The partnership eventually broke-up amicably about four years ago and Michael O’Connor took ownership of The Barking Dog:

“This place has always been my baby and I just felt that previously, it wasn’t getting the attention that it deserved, it needed a bit more love,” he says.

O’Connor also brought Michael Fletcher in as a partner in his new solo venture. Fletcher had been an experienced general manager with Sam Spain’s operation right from its inception over a decade ago. He’d been dispatched to manage The Barking Dog 18 months after it opened and he and Michael O’Connor had formed a close bond.

“Bringing Michael [Fletcher] with me was just part of the deal,” says O’Connor. “We always got on well together, we’d have our ups and downs, but we worked well as a team.”

2014 was the pair’s first year together managing The Barking Dog:

“We had a vision of what this place should be like,” says Fletcher. “Good honest food served without the nonsense that goes on in some places, a waiter at your shoulder to pour wine every two seconds, having to say “thank-you” 50 times during your meal. We wanted to get rid of all that and give people a proper, Irish welcome.”

Few physical changes were required at The Barking Dog but they did rejig things a little upstairs, removing an under-performing cocktail bar to add 30 or so additional covers. Between both floors and the space outside, the venue now accommodates around 120 diners at capacity.

In their first year operating The Barking Dog, the pair made profits of around £80,000 – a pleasing improvement on previous years when the restaurant had struggled to break even.

 

City centre

Success at The Barking Dog encouraged the partners to think about expansion. They believed that there was potential in the west of the city, but failed in a bid to acquire the Hunting Lodge on the Stewartstown Road. After that, they turned their attention to Belfast city centre:

“We knew that if we were going to go into the city centre, they we had to either bring some new cuisine or have something quirky to offer,” says O’Connor. “We decided on the quirky approach. We had this idea for a restaurant with a track, similar to that used in Yo! Sushi but doing western tapas food instead, everything miniaturised and served on small plates.”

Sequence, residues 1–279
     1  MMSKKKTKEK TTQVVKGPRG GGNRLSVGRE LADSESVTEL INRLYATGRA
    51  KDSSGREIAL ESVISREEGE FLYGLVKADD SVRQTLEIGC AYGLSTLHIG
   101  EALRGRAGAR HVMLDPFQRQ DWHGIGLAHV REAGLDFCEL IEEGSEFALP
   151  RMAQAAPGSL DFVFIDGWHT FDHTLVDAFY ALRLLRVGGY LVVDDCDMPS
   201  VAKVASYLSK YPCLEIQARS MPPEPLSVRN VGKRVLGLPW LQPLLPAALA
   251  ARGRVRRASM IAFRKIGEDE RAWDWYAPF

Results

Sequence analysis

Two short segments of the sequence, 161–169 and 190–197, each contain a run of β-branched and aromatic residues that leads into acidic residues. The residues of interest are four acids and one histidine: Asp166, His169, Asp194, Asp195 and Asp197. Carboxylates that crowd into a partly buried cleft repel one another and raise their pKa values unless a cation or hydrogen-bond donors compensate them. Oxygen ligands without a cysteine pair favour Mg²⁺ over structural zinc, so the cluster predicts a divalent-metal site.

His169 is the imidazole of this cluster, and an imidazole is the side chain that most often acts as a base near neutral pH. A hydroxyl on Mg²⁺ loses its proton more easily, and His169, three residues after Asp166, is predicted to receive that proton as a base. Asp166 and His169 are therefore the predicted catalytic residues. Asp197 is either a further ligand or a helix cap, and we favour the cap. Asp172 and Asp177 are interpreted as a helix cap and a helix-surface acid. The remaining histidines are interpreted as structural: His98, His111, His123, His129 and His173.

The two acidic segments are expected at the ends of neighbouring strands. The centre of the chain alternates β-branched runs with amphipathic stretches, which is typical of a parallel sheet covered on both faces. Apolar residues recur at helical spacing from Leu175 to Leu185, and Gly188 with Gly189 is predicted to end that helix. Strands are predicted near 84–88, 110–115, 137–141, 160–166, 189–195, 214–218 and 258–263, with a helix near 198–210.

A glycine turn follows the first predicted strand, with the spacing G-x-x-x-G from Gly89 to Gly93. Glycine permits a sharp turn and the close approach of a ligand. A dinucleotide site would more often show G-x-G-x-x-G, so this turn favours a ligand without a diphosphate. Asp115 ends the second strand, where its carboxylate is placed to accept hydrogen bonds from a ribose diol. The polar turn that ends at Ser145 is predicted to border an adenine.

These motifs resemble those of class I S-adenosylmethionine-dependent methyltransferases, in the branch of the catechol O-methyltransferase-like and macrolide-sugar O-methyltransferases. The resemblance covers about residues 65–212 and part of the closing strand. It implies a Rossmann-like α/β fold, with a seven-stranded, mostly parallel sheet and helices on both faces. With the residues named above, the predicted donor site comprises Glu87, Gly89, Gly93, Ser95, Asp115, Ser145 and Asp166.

The partners found vacant premises on Ormeau Avenue in Belfast and spent a year putting the concept together with help from the Galgorm Group and O’Donnell O’Neill Design. It opened to the public in October last year.

“This is completely unique to Belfast,” says Michael Fletcher. “Some people don’t know how it works, but we explain it all to them. We have a section on the menu – ‘From the track’. It’s all cold stuff on small dishes, 12 separate dishes and half-a-dozen desserts. They can just lift from there or they can order other food conventionally from our menu and have it cooked in front of them.”

The Dog Track is bright and airy and the big central food track makes for irresistible theatre, but with characteristic frankness, Michael O’Connor admits that the restaurant hasn’t been quite the instant hit that the partners had hoped:

“Business has been tough,” he says. “The hardest part is that it’s something new and different and trying to get the ethos over to people can be hard sometimes. Some people are saying that it’s fantastic, it’s brilliant, but others are looking in the window and saying, it’s a sushi restaurant, and walking away. So that’s going to be the hardest part. We need to have some time and we need to educate people about what we’re trying to do here.”

Efforts to boost the appeal of The Dog Track are underway. The lunchtime menu has recently been simplified to speed the process for diners with limited time, but the partners have had to postpone their original business plan that called for two more Dog Track restaurants within five years.

“Nothing is easy,” says O’Connor. “If it was, everyone would be doing it. We need to believe in this product and we need to keep pushing and getting our name out there.”

Both men believe that a wider malaise affects all small and medium business in Northern Ireland. And it’s about more than just the skills gap, says Fletcher:

“This is death by a thousand cuts for business. We have GDPR, we have new legislation coming in every few months that usually involves additional expense for us. Small companies are at breaking point and I think that many of them are going to need more help if they’re going to survive.”